Copyright Disney Enterprises, Inc. All rights reserved

.. "I liked this place better when it was a parking lot."

One hopes that John (who sadly passed away in February of 2004) would have had a far different opinion of the revamped version of DCA that's currently under construction at the Disneyland Resort. Given that the Walt Disney Company is reportedly spending $1.1 billion to remove all of that sizzle that fizzled and then replace it with one big honking steak of a theme park.

Concept art for DCA's now-under-construction Buena Vista Street area
Copyright Disney Enterprises, Inc. All rights reserved

But what about you folks? Do you have a favorite piece of Disney theme park concept art? And - if so - have you ever noticed how little that image actually reveals?

Your thoughts?

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  • I remember hearing Tony Baxter talk about  this type of painting before, too, saying that there's not a lot of substance in these paintings, but they're really good at tricking you into thinking there is, and getting you excited about what they're proposing.

  • Jim,

    I'm 99% sure that Peter Ellenshaw painted that backlight painting of Disneyland, and that it is Ellenshaw, not Hench, in the photo above. Hench's comments are nonetheless interesting, but I know you'd want to credit the right artist.

  • I do agree that the artist does look like Peter Ellenshaw, but it is just a young John Hench. We are so used to seeing him as an older gentleman. Thanks for the nice asortment of art. Whether we can see it or not! :)

  • I just checked the Ellenshaw website:


    Take a look. They have the same photo. So, it is certainly Peter, not John Hench (I'm sure Harrison knows his own father).

  • Perter Ellenshaw has always been credited for the painting of that piece and is indeed the person standing in that picture.

  • Damn. You're right. My apologies, guys. That photo caption has now been corrected. Thanks for pointing out my error.


  • Did anyone ever ask Herb why he filled with men in suit jackets strolling along like they were on a boardwalk?

    Also, you hardly see any children in his paintings.  What was that about?  Were they trying to get investors to think they were building a convention center?

  • Nice post.  I love these romantic, tantalizing early birds-eye paintings.

    But one thing to note: with the two Shanghai pics, much of the indistinguishableness (new word) comes from the fact that the blurred versions we've seen have been taken from someone's camera/phone from a slide at a lecture or conference.   I expect that the actual artwork, once clearly revealed tells us a lot more about Shanghai (but of course not all), than these blurred re-captures do.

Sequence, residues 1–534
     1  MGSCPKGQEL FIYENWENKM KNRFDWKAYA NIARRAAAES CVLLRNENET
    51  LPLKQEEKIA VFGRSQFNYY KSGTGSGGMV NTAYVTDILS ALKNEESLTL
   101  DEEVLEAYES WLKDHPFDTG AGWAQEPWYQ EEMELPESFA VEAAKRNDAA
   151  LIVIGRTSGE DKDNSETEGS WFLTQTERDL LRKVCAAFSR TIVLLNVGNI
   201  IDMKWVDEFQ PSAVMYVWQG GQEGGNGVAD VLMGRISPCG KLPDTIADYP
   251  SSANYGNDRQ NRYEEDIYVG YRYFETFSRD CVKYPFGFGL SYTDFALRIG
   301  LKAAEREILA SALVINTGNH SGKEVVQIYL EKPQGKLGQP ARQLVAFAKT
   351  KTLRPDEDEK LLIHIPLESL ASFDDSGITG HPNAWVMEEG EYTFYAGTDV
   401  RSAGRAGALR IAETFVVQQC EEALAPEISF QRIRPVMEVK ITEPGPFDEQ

• Randy --

    Only the second image (of the Shanghai Disneyland theme park) was captured with a cell phone. The first image (of the entire Shanghai Disneyland Resort) was the actual image that was shown to folks who physically attended yesterday's 2011 Investors Conference at the Disneyland Resort. Those who watched / listened to this presentation online also got to see this slide in all its specific-looking vagueness.

    I love how that particular concept painting uses so many of the tricks-of-the-trade that John Hench talked about (i.e. the colorful burst of fireworks, the spotlights, the clouds, etc. ) to distract us all from noticing how little there actually is to this image. But -- then again -- given that the Chinese government has to give its final, formal permission for The Walt Disney Company to proceed with construction of this multi-billion project ... Well, you can then understand why the Mouse is being extremely cautious when it comes to what images it's allowing to get out there in regards to the Shanghai Disneyland Resort.

    After all, it wouldn't be smart -- this late in the game, anyway -- to suddenly make Chinese government officials mad and then make them decide to withhold those crucial final construction permits for this project for another couple of months.


  • This is the Chinese government, Jim. Thanks for the tip.

  • Thanks Jim for the info on 1st Pic.  In that case, it looks like yesterday's painting was deliberately anonymized - as you sometimes see with photos of crowds of people.  I hope that when the official announcement comes we get to see the underlying, clearer version (at least on par with the Disney's America or Animal Kingdom paintings) of yesterday's painting - it looks epic.

  • I met Mr. Ellenshaw years ago. He was a fantastic artist. Some of his best work is in Mary Poppins (that view of "the rooftops of London" is his, that you see when Bert and the kids ascend up the chimney). Thanks for posting that picture of him, Jim. Brought back fond memories.

  • Jim, I love the site. It's my go to place for up to the minute Disney news. But on a page like this, I sure wish I could click and enlarge those pictures. So much awesome detail that I just want to sit and analyze on a larger scale. Hopefully it's something to think about in the future. Keep up the great work!

  • Even for lesser projects, concept art doesn't give much info.  Just look at the WDW Downtown Disney concept art they released last year.  That used some of the "tricks' and looked pretty, but revealed nothing.  In other situations, it can give us some details, like the concept art that was released for DL's Soundsational Parade.

  • Love your articles: imagining details in projects to be built and having one's concepts survive from 'pitch' to construction is the essence of mastering architecture school !  No different if designers happen to be making theme parks.  Although Disney developed the mastery of surround environment, 'slight of hand' or 'tricks of the trade' were what Walt Disney himself must've been referring when Walt (himself) called Disneyland a 'tourist trap' in his Cinerama, Radio City Music Hall release - 'Disneyland USA'  ( ! )

    I love and respect the character of Walt Disney the man very much, but prophetically Walt is correct again as DIS-Co in modern era treats all it's theme park consumers like PT Barnum 'suckers' with arm/leg amputee pricing.